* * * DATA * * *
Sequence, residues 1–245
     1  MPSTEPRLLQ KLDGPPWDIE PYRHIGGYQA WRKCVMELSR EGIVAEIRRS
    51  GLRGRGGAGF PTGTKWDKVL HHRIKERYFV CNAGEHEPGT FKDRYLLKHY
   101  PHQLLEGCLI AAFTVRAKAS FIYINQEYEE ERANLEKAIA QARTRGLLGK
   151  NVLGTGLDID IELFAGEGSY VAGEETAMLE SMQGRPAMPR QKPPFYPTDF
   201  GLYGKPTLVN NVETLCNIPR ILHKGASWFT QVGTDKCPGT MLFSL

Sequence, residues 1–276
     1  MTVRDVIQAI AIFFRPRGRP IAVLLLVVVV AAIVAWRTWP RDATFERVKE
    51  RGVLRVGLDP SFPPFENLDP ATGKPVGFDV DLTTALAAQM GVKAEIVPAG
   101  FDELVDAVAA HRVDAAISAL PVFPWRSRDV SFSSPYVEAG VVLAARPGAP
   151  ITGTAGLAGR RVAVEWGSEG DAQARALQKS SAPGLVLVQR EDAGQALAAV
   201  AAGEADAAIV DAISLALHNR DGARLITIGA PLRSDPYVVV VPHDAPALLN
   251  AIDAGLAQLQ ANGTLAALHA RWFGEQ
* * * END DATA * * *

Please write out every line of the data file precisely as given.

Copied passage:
Sequence, residues 1–245
     1  MPSTEPRLLQ KLDGPPWDIE PYRHIGGYQA WRKCVMELSR EGIVAEIRRS
    51  GLRGRGGAGF PTGTKWDKVL HHRIKERYFV CNAGEHEPGT FKDRYLLKHY
   101  PHQLLEGCLI AAFTVRAKAS FIYINQEYEE ERANLEKAIA QARTRGLLGK
   151  NVLGTGLDID IELFAGEGSY VAGEETAMLE SMQGRPAMPR QKPPFYPTDF
   201  GLYGKPTLVN NVETLCNIPR ILHKGASWFT QVGTDKCPGT MLFSL

Sequence, residues 1–276
     1  MTVRDVIQAI AIFFRPRGRP IAVLLLVVVV AAIVAWRTWP RDATFERVKE
    51  RGVLRVGLDP SFPPFENLDP ATGKPVGFDV DLTTALAAQM GVKAEIVPAG
   101  FDELVDAVAA HRVDAAISAL PVFPWRSRDV SFSSPYVEAG VVLAARPGAP
   151  ITGTAGLAGR RVAVEWGSEG DAQARALQKS SAPGLVLVQR EDAGQALAAV
   201  AAGEADAAIV DAISLALHNR DGARLITIGA PLRSDPYVVV VPHDAPALLN
   251  AIDAGLAQLQ ANGTLAALHA RWFGEQ